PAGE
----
This is our cruise for today

This is our cruise for today

We will not get off the boat, but we are excited because we will see amazing cliff and rock formations.   These rocks are millions of years old.   Here the rocks shifted during volcanic activity.   The shifted rocks make it look like the water is running downhill.

Result of volcanic activity.   Water is not going downhill

Result of volcanic activity. Water is not going downhill

It is not!   Now we are inside a cave.

A cave.   Let's go inside with our boat

A cave. Let’s go inside with our boat

Our boat is inside a cave.

Our boat is in the cave

Our boat is in the cave

This is exciting for the Colorado Traveling Ducks.   We love waterfalls.

Waterfall in Tasman National Park

Waterfall in Tasman National Park

This is great!   This is the totem pole.

The Pilar.  A rock climbers challenge

The Totem Pole.    A rock climbers challenge

It is a favorite for experienced rock climbers.   Here we are at Cape Pilar.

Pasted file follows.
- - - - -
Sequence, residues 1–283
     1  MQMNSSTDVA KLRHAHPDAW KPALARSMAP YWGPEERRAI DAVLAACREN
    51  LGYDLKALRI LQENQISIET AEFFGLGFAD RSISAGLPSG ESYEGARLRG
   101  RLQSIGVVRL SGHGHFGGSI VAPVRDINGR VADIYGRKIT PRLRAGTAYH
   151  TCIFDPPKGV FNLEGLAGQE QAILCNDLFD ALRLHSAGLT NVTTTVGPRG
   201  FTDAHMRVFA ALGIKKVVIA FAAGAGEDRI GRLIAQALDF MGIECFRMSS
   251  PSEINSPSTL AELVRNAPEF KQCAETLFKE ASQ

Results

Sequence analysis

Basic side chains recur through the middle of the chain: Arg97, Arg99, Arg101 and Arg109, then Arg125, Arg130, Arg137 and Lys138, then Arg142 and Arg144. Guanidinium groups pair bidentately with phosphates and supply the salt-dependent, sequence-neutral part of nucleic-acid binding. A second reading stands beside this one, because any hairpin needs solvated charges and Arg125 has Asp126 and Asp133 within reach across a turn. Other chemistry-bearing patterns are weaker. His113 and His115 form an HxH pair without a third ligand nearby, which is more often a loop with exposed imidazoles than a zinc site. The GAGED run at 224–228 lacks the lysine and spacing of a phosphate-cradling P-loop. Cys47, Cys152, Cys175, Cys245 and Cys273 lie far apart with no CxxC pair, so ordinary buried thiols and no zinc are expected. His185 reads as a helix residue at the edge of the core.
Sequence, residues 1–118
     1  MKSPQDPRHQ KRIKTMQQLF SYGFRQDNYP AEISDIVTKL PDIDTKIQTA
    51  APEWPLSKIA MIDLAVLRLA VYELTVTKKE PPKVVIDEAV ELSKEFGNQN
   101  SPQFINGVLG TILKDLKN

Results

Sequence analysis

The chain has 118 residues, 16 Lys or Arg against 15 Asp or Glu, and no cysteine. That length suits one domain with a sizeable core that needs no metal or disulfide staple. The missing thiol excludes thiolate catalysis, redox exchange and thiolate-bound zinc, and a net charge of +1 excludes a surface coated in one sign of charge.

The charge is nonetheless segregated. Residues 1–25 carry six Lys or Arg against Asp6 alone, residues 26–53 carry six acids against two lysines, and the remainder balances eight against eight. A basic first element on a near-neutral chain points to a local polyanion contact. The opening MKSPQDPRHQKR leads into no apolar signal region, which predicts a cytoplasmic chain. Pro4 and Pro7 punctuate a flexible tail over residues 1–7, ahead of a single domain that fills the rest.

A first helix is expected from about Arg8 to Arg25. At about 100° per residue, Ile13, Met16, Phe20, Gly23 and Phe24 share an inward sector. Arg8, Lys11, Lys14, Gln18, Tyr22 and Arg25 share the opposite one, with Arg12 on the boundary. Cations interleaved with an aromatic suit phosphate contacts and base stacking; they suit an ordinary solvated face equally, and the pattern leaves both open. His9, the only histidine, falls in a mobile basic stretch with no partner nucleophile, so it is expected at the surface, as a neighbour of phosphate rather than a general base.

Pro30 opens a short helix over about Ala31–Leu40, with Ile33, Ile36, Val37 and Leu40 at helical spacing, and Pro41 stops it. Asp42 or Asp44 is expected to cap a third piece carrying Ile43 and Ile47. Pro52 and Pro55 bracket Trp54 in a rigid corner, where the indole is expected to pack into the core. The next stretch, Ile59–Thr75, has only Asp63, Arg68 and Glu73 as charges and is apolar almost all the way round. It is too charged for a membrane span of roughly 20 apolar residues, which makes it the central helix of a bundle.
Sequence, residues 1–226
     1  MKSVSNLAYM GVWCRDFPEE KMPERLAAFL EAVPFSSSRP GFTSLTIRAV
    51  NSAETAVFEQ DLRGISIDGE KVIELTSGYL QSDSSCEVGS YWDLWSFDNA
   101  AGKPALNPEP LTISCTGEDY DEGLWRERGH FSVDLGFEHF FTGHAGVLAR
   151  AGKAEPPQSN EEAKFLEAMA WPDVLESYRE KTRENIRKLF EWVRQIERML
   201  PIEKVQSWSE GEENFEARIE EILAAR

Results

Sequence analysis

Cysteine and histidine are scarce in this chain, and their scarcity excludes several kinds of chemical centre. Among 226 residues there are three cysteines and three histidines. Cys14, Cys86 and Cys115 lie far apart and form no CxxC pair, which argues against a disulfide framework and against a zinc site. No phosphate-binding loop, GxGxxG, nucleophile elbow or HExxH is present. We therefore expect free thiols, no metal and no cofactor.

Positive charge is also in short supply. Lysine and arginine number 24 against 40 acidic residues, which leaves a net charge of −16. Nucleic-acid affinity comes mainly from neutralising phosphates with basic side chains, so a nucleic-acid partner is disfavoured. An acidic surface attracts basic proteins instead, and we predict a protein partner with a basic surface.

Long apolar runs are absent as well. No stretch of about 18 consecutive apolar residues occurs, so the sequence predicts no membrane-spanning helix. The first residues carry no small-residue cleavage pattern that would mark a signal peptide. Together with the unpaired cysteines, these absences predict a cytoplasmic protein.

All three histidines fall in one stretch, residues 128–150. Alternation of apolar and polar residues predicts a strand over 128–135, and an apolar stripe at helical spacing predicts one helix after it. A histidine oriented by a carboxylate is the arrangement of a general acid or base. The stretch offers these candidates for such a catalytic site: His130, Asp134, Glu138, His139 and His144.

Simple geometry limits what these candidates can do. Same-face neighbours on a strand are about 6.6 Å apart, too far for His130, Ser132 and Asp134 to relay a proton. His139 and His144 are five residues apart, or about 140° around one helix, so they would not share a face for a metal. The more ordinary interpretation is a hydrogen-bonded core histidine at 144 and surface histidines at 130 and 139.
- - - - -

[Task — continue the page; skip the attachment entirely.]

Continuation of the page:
Cape Pilar.   Australia's highest sea cliffs.   In Tasman National Park

Cape Pilar. Australia’s highest sea cliffs. In Tasman National Park

We are seeing some of Australia’s tallest rock cliffs, while we are in Tasman National Park.   We ducks are on this cruise, but the caption said we could not sit on the rails; we must be out of the wind and surf.   We love this cliffs.

So majestic and beautiful

So majestic and beautiful

We are in our travel bag.   Next is Tasman Island.  There is a lighthouse at the top.

Lighthouse way up there

Lighthouse way up there

Here is the pulley system used to get people and supplies to the top of the island and the lighthouse and also to bring supplies and people from the top to the boats so they can leave Tasman Island.

Pulley system to and from lighthouse at top.   On Tasman Island

Pulley system to and from lighthouse at top. On Tasman Island in Tasman National Park

On the way back to the rock, the weather changed.   The clouds came and the wind also increased.   The ride back was a little rough, but we loved it.   Our next stop for the day was at Port Arthur.

Port Arthur--former prison

Port Arthur–former prison

Port Arthur was a brutal British prison from 1832 to 1877.   Now it no longer functions as a prison, but many buildings remain.   We walked around the grounds.   The setting is beautiful.

Now it is so beautiful and peaceful

Now it is so beautiful and peaceful

We are happy this is no longer a prison.   We enjoyed our visit to Port Arthur and hope when you are in Tasmania you will also visit Port Arthur.   For more information about our tour visit http://www.pennicottjourneys.com.au